Camping World Trucks - Hamlin Wins At Martinsville
Martinsville, Oct. 28, 2012: Toyota Tundra driver Denny Hamlin claimed his second career NASCAR Camping World Truck Series (NCWTS) victory in Saturday afternoon's race at Martinsville Speedway.
Hamlin was forced to start from the back of the 36-truck field due to missing the driver's meeting and worked his way to the lead for six laps (of 200) en route to his sixth NASCAR win at the half-mile Virginia speedway. Peters started the race from the pole and led twice for a total of 59 laps.DENNY HAMLIN, No. 51 Toyota Tundra, Kyle Busch Motorsports Finishing Position: 1st How much do you enjoy racing at Martinsville? "Yeah, I love this place and, man, that's short track racing at its finest. I gave the 88 (Matt Crafton) extra room on the outside. I went to the second lane and didn't want to crowd him into (turn) one and tried to pass him on the outside and he shoved up into me and pushed me into the third groove. I just got back to him, so I didn't wreck him or anything like that -- you're going have contact at Martinsville. I would expect the same thing from anyone else. I tell you've I lost a bunch that way and just proud of this whole effort. Nelson (Piquet) and those guys came a long way on this track and just got to thank everyone from Toyota for putting this deal together -- they didn't really have much of a sponsor for it -- thanks for having me back. Just got to thank everyone who is a part of this program because I don't get to race these races that often, so I've got to take advantage of them when I do."
What did Matt Crafton say to you in victory lane? "He (Matt Crafton) was really excited about finishing fourth. He was excited about it. No, what do you expect? You're the leader with a few laps to go and if you rewind the tape from Cup in 2008 or 2009, I think I was in that same position and Jimmie Johnson pulled that same exact move on me and we got the bad end of that deal. When you're the leader with a few laps to go, you've got to expect it. You're at Martinsville. You can't wreck the guy -- that's off limits, but to move him up and out of the groove, that's standard protocol at this type of race track. For us, I tried to run him clean into (turn) one -- I gave him a little bit of extra room because I saw that he had been sliding up the race track -- driving in too deep and sliding up. He still came up and shot us up in the third lane. When I went into the next corner I just showed my displeasure and got in to the back of him and got him up the race track. I would have done that anyway -- it wouldn't have mattered if it was that lap or one to go. I knew that it was important to get the lead as soon as possible simply because with these restarts the outside line was just not preferred."
Should NASCAR allow you to miss the Truck Series driver's meeting with no penalty? "It would be like our 1,000th drivers meeting. I don't know -- race procedures don't change that much, but I understand where they're at. Things do run a little bit different in the Truck Series, so it's import ant to be there. With the rain that happened and obviously our draw for qualifying, we're going out last -- there was no way that I could give up 15 minutes of Cup practice. It was already shortened anyway because of the rain. It just made no sense. I felt bad for these guys that possibly you cost yourself a win, but I had to do what I had to do to make sure I was in the right position in the Cup series because that's what I'm here for. Obviously, I want to give these guys a good run, but I have to do everything I can to make sure the championship is still an option for us."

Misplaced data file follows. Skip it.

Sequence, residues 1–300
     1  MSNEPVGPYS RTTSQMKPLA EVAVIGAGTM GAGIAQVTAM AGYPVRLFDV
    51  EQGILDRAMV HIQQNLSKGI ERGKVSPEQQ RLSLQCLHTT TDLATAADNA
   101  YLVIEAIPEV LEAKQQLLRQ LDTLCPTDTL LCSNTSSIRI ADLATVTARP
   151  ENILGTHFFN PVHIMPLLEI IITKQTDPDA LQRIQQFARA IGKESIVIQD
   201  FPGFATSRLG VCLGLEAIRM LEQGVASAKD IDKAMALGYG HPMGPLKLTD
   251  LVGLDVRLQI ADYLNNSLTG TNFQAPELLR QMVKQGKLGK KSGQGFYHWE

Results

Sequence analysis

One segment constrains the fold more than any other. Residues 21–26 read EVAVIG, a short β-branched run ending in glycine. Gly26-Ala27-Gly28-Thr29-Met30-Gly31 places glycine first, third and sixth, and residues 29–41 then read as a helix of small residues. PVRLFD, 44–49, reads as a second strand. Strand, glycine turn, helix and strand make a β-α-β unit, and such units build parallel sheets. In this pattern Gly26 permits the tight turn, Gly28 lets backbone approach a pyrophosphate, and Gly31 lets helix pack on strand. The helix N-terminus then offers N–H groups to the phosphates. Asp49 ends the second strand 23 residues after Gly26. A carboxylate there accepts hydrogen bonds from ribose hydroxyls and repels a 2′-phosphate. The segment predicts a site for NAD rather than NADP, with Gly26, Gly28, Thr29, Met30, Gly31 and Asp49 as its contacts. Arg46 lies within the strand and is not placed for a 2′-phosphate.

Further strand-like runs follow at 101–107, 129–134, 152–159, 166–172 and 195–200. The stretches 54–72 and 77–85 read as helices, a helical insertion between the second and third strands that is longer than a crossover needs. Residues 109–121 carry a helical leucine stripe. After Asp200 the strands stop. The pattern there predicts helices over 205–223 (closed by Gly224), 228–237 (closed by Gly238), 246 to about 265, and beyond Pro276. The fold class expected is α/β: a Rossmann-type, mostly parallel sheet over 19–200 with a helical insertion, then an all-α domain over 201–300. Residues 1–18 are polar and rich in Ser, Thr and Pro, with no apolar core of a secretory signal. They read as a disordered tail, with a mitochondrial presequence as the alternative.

Is it important to race today to learn for tomorrow? "I think it will be important -- the setups are nothing alike so you can't take that part of it, but you can take the strategy. You can look at tire wear and say that we pitted at a certain amount of laps or here on the truck we ran this many laps before we pitted. We can see how the cycles went at the end. I think that's something we can learn, but other than that not a whole lot translates. The techniques that I use personally around this race track applies to both series so for me, it's just more laps on the race track and continuing to learn to be better."
DENNY HAMLIN, No. 51 Toyota Tundra, Kyle Busch Motorsports (continued) Does it still mean a lot to win in your home state? "Absolutely. It really doesn't matter what series, it's always a big thrill. For me, somewhat of a bigger thrill because these guys (Kyle Busch Motorsports) hadn't gotten in the win column in the Truck Series yet. It was a big deal for me and for them. I know these guys work really hard and Kyle (Busch, team owner) works really hard to get this program where it needs to be. You come in hoping that you can make a difference and I think we did that today."
Why did you run this Truck race when you are in the Chase? "One thing is that I do feel like there is merit to working your technique at this particular race track. At other race tracks where there's higher speeds, you drive the two totally different -- it's not even the same. This -- between the Truck Series and the Cup cars -- is the two most similar two races that we have on any track I feel like. This is the closest to a Cup car in simulation as this can be, so I think thi s is one that I can continue to just stay fresh with how I continue to drive this race track."